By Kasey Henderson, Senior Associate Communications Manager, A360, PSI
Fifi Oluwatoyin Ogbondeminu often begins her day—enjoying a cup of tea, alone—before the sun is up. She relishes the rare moments of peace and quiet she finds in the morning as she prepares for the day ahead.
As she’ll tell you, working on A360 is almost never quiet.
Fifi is A360’s new Deputy Director, having been on the project since its inception in 2016. She brings ample experience from her role as A360 project director in Nigeria and more than 15 years of leadership experience in developing and leading health programs.
But it’s Fifi’s enthusiasm, creativity and incredible drive that jump out at you upon first meeting her. Fifi is passionate, deeply empathetic and connected to the adolescent girls we work for. Seeing the impact of A360’s work in Nigeria, and globally, keeps her motivated and believing that her team can, and will, revolutionize the way adolescents access SRHR.
This catalytic impact grows from a mindset shift, one that Fifi demonstrates every day. A360’s girl-centered approach exemplifies the inroads that can be made when we reframe how we design — and what it takes to deliver — youth-powered adolescent sexual and reproductive health (ASRH) programming at scale.
Fifi spoke with A360’s communications lead Kasey Henderson about why girls need health systems to integrate girl-centered programs, like A360, to bring contraceptive choice and access to every girl who needs it. Learn more about Fifi’s vision for the future of A360 below!
Kasey Henderson: How did you get involved in public health? What inspired you to join A360 six years ago?
Fifi Ogbondeminu: Though I grew up in a community that believed in educating girls, my culture still played a major part in defining the type of career women and girls could pursue. I wanted to change the status quo.
As a young pharmacist working in a hospital, I met girls and women dealing with a myriad of health challenges, including gender-based violence. The hospital I worked at was not set up to address these issues, and it quickly became clear that I needed, and wanted, to do more.
These haunting stories of violence and abuse were often omitted and purported as simply medical emergencies and hardly ever reported to the relevant authorities for redress. I remember a young three-year-old girl brought in by her family for medical attention. She had been severely raped, leaving her unable to walk. I found out she had been raped by her uncle, and the case was being treated as a simple family disagreement, instead of the crime it was.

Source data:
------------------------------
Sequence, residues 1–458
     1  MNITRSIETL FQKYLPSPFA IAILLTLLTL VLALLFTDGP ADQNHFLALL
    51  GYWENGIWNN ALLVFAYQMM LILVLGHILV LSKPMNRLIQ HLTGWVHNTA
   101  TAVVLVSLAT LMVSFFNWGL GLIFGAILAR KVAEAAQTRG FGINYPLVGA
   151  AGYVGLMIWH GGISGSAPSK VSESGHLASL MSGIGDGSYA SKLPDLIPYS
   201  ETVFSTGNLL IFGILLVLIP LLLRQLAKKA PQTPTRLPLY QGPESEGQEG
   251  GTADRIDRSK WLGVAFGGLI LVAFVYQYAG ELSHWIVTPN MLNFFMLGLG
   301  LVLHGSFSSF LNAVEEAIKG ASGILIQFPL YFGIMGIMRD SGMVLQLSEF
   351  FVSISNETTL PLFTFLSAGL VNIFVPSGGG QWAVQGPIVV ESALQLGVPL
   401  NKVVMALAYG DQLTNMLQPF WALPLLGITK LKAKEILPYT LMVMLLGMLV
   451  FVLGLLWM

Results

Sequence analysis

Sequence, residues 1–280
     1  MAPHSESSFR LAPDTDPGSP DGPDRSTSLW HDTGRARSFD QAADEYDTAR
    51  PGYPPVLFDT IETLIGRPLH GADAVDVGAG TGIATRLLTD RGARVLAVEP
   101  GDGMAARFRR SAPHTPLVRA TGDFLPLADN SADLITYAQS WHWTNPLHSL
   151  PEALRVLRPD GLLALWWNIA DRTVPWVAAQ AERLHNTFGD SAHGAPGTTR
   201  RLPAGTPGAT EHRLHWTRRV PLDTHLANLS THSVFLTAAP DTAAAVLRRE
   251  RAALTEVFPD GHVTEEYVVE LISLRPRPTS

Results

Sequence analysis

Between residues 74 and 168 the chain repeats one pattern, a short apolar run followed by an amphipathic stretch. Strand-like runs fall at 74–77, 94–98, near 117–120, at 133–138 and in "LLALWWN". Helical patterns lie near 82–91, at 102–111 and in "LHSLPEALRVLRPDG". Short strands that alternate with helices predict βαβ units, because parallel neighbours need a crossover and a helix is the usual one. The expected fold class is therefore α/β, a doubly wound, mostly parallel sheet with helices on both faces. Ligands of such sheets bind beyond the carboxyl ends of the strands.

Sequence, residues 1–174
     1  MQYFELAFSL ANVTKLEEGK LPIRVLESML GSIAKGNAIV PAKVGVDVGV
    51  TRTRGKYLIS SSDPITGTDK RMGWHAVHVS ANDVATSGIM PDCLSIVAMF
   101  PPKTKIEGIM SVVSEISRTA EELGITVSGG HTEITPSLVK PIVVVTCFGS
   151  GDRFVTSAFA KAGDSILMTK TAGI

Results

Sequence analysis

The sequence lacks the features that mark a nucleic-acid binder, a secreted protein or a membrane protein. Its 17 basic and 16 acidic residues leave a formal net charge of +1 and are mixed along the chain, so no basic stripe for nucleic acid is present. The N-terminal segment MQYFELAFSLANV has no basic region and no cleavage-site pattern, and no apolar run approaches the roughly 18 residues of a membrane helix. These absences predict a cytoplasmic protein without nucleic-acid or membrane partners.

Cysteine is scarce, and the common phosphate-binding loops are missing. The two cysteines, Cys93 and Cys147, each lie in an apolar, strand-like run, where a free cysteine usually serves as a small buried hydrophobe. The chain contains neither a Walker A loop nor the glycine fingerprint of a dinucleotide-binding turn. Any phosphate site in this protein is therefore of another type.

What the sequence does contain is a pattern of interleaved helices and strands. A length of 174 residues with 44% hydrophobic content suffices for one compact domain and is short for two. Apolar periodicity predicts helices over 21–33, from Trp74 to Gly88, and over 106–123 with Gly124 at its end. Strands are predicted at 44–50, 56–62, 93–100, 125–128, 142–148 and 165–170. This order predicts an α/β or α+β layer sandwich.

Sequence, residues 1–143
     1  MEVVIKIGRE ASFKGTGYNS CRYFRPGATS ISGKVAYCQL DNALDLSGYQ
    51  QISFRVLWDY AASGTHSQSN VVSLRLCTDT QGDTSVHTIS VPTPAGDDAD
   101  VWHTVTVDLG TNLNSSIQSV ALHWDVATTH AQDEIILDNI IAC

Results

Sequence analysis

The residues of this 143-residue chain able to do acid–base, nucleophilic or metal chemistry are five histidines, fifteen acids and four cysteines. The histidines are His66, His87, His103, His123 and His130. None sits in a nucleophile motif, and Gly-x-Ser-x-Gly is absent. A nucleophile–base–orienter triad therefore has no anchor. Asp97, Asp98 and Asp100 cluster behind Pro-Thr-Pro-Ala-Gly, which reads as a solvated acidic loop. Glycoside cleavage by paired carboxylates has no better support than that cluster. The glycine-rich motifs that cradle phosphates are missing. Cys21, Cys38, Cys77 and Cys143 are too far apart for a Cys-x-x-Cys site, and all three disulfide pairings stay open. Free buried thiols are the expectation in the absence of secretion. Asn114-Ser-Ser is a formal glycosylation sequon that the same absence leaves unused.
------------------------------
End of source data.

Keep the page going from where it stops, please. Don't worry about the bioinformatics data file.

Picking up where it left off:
That night, and many others like it, instilled in me a passion to support vulnerable people, including young girls. When the opportunity to work in the development sector presented itself in 2005, I jumped at the chance and have never looked back.
I joined A360 Nigeria in 2016 and have watched the project evolve since its inception. Hearing and seeing the impact A360 has on the girls we work with and for – and applying their insights to continually refine A360’s programs –motivates me to continue the work.
KH: You’re transitioning from your role as country lead for A360 Nigeria, to now working as A360’s global Deputy Director? Can you share anything about A360’s updated technical strategy.
FO: Over the next five years, A360 aims to sustain impact (at the consumer level by supporting girls to opt for and, if they choose, stay with contraceptive methods that work best for them), sustain implementation (by integrating A360’s global program into national health system) and sustain the value of the project by contributing to learnings to advance the global ASRH evidence base. I am hopeful and excited to see how governments across A360 countries adopt and integrate the A360 model into their ASRH response.
KH: What specifically will A360 be focusing on in 2022?
FO: We’ll focus on:
- Better understanding contraceptive discontinuation and, by 2023, see how our adaptations lead to higher contraceptive continuation rates.
- strengthening community support for girls accessing SRH services while providing more opportunities for girls to gain entrepreneurial skills and build their financial independence
- partnering with governments to integrate girl-centered approaches and strengthen health systems
KH: Five years from now, what do you hope all girls know about how contraception can support them to plan for their futures?
FO: I hope we’ve broken down all (or – if I am being realistic – at least removed many of) the socio-cultural barriers that limit girls’ choices so that girls understand that contraception not only protects their fertility but allows them to build their agency, follow their dreams and achieve better health outcomes.